Alternatively, there are two other options available to you if you KNOW you need to improve your resume. One of them is to enroll in my online course where I’ll walk you through every aspect of the resume writing process so that you end up with a hard-hitting, effective resume document that won’t act as the sole barrier to your career advancement. The other option is to take on my Quickstart Career Package, details of which can be found here.
So, the job seekers we spoke of earlier were stagnating. They knew where they wanted to go, but were being met by some sort of invisible ceiling. They saw other people with similar skills, education and experience advance and wondered why not them.
In some cases, and imagine this, people with less skills, experience, and education had advanced in front of them.
How could that be so?
Here’s another secret.
I’ve actually helped those people too.
Over the years, I’ve had clients come to me asking for help in accelerating their career. Quite often the roles they were targeting had requirements that exceeded their meagre skills and experience.
So what do you do?
Well, if the expectations on the part of the client were outlandish, I’d tell them so and decline to work with them on he grounds that I didn’t think my involvement would in any way help them get where they wanted to be.
In one case, I remember a recent graduate with a non-vocational degree and work experience as a Barista, tell me they were looking at management-level roles and expected me to magic them up a brand story capable of breaking straight into the Management stratum.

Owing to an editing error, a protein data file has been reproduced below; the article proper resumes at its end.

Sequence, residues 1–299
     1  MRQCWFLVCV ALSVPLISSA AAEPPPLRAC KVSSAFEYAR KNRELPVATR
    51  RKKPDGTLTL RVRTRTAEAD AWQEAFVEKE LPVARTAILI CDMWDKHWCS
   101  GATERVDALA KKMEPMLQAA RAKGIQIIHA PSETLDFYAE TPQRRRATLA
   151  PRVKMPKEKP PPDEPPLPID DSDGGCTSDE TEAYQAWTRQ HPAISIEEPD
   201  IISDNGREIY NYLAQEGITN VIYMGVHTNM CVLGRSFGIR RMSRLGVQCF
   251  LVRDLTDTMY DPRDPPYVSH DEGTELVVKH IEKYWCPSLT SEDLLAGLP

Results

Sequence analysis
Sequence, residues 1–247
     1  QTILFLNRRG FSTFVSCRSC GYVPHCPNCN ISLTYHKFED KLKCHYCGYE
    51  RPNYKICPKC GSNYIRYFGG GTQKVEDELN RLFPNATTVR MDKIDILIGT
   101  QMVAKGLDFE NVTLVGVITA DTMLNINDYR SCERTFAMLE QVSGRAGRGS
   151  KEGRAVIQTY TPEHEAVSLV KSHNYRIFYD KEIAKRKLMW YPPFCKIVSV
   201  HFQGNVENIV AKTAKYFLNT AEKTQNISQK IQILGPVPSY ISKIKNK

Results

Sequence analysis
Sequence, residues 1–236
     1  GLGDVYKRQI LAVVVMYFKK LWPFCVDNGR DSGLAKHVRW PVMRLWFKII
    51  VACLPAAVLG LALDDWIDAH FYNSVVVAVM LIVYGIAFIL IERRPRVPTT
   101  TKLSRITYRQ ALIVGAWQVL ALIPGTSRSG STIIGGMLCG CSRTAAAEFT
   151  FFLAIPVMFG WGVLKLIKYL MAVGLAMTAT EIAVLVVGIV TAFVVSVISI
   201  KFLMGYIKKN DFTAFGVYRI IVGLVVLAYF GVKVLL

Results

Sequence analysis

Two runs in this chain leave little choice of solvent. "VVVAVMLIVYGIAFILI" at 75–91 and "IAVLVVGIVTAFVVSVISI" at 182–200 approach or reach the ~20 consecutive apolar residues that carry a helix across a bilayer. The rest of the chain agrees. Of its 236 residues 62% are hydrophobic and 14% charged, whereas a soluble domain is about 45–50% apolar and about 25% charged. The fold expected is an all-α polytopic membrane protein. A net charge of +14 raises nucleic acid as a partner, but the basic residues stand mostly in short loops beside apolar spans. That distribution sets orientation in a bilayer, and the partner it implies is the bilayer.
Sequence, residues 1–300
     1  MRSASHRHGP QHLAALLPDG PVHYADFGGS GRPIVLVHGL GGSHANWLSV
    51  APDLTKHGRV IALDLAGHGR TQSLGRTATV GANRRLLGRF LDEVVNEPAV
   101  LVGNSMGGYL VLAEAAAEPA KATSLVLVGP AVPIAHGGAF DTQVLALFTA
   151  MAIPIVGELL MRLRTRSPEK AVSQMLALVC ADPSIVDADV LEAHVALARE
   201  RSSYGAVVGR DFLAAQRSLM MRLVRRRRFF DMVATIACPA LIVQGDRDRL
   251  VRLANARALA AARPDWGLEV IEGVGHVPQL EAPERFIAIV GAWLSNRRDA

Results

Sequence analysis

New grads, what are some of them all about, eh? LOL.
If the client in question was close to the requirements of the role, we’d go for it.
Now, the real feat here is to get the client as close to the target job description as possible.
Then, we’re looking at identifying wins – accomplishments, contributions, even recommendations that had did or had the potential to improve revenues, increase efficiency, enhance productivity, bolster performance, remedy deficiencies or otherwise add value to their business or project.
Then, when armed with this type of content that would blow away a competitor for the role (even someone more experienced- but whom failed to articulate any of it in a resume), we send then job seeker forth armed to the teeth with a kick-ass resume and solid interview technique.
That’s part of what I do – I help people get an edge over the competition. Yes, sometimes that even extends to people who are less qualified or experienced that their competitors.
One thing is for certain, if you’re reading this and you haven’t taken action on fortifying your resume and interview technique, you’d better get on it..otherwise you may end up reporting to that spotty kid down the hall. Sorry, just joking….I mean that dermatologically challenged kid down the hall.
In my online course, Resumes for the 99%, I set out the very methods I use to uncover essential content from my clients, the way I write and structure that content, and the resume template styles I use to make sure the most important content is positioned front and centre where it can actually make a difference while ensuring readability and accessibility.
Check out more information on it here to see if it’s something you could learn from.